The family is also contemplating legal action against the school district, in part because Nichols has plans to go to college. Herring said she hopes a lawsuit is not necessary.
“We just want her record and name cleared,” Herring told the Advertiser.
“We loved the schools in Prattville. But we have lost all confidence in the school system after this.”
The incident in Prattville is the latest incident in a long trend involving school officials going apoplectic over things that are not weapons but sort of resemble weapons because of zero-tolerance policies.
The quintessentially absurd story involving school officials reacting hysterically to an object that is not a weapon occurred at Park Elementary School in Baltimore, Maryland when a little boy was suspended for two days because his teacher thought he shaped a strawberry, pre-baked toaster pastry into something resembling a gun.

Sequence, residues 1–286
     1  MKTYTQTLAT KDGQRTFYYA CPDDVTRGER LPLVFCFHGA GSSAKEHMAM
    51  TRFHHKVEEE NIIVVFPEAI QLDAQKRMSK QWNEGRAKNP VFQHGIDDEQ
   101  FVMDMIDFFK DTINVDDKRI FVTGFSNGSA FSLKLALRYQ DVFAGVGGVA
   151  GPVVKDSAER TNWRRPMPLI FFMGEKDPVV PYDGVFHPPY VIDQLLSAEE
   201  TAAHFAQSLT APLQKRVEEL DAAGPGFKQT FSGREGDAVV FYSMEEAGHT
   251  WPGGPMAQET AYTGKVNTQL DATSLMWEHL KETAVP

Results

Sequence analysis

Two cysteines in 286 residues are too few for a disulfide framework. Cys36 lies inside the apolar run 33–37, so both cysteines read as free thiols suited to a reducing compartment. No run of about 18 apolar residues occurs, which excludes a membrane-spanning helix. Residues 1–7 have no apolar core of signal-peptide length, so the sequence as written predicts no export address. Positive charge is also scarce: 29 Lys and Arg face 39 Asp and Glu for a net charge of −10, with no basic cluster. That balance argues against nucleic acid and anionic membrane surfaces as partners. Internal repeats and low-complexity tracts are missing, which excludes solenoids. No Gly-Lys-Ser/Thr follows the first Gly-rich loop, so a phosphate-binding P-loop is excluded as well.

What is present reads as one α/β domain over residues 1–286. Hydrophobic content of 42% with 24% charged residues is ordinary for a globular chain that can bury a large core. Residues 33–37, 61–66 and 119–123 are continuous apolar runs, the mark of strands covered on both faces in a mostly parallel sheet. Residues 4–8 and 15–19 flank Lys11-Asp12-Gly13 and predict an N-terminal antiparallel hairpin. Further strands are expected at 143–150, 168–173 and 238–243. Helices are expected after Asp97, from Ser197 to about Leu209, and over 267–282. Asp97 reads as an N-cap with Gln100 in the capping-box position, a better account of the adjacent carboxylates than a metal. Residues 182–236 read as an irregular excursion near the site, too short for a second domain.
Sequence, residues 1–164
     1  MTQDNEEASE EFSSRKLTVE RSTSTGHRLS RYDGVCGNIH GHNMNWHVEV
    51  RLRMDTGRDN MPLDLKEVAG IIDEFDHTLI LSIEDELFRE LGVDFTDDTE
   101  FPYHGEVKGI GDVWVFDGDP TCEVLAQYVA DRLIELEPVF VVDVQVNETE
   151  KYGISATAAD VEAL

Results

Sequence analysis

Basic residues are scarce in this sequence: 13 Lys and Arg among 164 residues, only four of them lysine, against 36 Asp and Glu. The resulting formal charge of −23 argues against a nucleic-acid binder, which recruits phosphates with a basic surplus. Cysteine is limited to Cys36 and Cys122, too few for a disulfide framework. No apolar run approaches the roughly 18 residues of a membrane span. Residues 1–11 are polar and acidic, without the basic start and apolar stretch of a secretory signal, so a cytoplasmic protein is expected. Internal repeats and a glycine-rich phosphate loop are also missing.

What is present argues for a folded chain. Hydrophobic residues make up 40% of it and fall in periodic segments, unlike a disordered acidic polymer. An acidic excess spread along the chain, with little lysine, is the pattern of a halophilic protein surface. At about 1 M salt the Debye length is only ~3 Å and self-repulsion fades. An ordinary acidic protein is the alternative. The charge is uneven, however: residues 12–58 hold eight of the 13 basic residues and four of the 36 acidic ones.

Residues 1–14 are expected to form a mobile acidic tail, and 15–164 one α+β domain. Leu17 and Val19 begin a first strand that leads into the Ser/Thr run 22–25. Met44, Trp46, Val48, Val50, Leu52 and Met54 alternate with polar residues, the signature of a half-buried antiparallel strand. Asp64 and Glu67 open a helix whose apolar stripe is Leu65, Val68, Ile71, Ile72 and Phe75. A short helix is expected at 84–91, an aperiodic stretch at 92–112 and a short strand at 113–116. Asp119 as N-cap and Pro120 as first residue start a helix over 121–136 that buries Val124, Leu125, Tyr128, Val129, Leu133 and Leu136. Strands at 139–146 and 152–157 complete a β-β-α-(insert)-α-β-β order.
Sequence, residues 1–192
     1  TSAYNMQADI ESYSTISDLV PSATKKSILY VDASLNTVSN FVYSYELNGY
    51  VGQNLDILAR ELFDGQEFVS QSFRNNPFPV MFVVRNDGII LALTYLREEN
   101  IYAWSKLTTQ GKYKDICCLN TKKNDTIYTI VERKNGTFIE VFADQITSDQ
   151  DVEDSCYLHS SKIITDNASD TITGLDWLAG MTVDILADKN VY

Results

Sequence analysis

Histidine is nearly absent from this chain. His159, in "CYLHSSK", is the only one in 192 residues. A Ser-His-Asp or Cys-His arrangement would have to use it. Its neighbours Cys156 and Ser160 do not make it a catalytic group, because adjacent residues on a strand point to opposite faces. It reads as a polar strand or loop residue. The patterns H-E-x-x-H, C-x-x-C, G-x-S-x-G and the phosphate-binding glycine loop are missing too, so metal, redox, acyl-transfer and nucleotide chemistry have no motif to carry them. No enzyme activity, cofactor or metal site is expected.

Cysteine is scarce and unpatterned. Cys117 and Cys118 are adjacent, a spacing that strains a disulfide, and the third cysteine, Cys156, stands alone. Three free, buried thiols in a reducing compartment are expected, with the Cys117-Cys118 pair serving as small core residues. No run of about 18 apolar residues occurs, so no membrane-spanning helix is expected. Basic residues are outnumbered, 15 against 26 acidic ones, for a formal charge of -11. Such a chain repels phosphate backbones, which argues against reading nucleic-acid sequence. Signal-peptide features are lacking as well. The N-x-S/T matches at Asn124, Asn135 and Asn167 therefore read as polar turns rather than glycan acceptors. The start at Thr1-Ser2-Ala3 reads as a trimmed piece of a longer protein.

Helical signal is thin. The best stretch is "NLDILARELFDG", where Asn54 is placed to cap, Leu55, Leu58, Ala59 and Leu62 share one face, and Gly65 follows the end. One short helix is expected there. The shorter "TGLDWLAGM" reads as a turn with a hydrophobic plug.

Officials at an elementary school in small-town Michigan impounded a third-grade boy’s batch of 30 homemade birthday cupcakes because they were adorned with green plastic figurines representing World War Two soldiers. The school principal branded the military-themed cupcakes “insensitive” in light of the Sandy Hook Elementary School shooting.
At Roscoe R. Nix Elementary School in Maryland, a 6-year-old boy was suspended for making the universal kid sign for a gun, pointing at another student and saying “pow.” That boy’s suspension was later lifted and his name cleared after a local attorney intervened.
In Calvert County, Maryland, a kindergarten boy was suspended from school for 10 days because he showed a friend his plastic, orange-tipped, cowboy-style cap gun on the way to school. The incident happened on a school bus. The boy later wet his pants during a lengthy interrogation, his mother said.